## Saturday, September 10, 2011

### Computer Architecture # 03 :Arithmetic : UNSIGNED DIVISION (8)

3.3.2 UNSIGNED DIVISION
In longhand binary division, we must successively attempt to subtract the divisor from the dividend, using the fewest number of bits in the dividend as we can.
Figure 3-13 illustrates this point by showing that (11)2 does not “ﬁt” in 0 or 01, but does ﬁt in 011 as indicated by the pattern 001 that starts the quotient.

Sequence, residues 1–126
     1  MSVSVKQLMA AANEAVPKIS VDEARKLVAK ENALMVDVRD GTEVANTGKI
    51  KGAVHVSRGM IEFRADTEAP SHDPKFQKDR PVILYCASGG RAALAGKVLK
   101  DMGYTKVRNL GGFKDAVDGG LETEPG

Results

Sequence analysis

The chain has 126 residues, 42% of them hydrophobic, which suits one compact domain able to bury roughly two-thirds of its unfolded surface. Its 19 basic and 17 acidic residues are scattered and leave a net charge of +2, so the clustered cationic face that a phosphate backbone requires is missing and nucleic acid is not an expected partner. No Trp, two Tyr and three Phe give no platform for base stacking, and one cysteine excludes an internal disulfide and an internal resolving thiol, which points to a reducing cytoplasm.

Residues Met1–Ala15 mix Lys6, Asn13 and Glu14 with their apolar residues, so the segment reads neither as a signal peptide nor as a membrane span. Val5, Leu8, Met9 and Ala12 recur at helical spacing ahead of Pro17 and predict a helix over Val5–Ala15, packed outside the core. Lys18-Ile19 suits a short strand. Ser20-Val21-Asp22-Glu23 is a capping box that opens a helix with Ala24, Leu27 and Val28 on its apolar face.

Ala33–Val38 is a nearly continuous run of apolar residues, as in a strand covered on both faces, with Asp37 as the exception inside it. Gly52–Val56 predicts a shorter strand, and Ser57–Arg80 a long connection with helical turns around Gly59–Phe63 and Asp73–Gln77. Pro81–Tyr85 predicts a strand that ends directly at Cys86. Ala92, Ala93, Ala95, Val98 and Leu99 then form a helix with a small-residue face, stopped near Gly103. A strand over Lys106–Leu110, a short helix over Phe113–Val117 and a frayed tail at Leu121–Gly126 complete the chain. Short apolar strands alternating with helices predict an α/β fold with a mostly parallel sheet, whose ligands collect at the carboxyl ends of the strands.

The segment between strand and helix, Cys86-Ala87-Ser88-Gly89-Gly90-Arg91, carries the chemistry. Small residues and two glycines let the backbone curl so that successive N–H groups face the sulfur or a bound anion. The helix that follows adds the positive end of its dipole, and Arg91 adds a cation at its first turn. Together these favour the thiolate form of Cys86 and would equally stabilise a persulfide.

Computer-based division of binary integers can be handled similar to the way that binary integer multiplication is carried out, but with the complication that the only way to tell if the dividend does not “ﬁt” is to actually do the subtraction and test if the remainder is negative. If the remainder is negative then the subtraction must be “backed out” by adding the divisor back in, as described below.

In the division algorithm, instead of shifting the product to the right as we did for multiplication, we now shift the quotient to the left, and we subtract instead of adding. When two n-bit unsigned numbers are being divided, the result is no larger than n bits.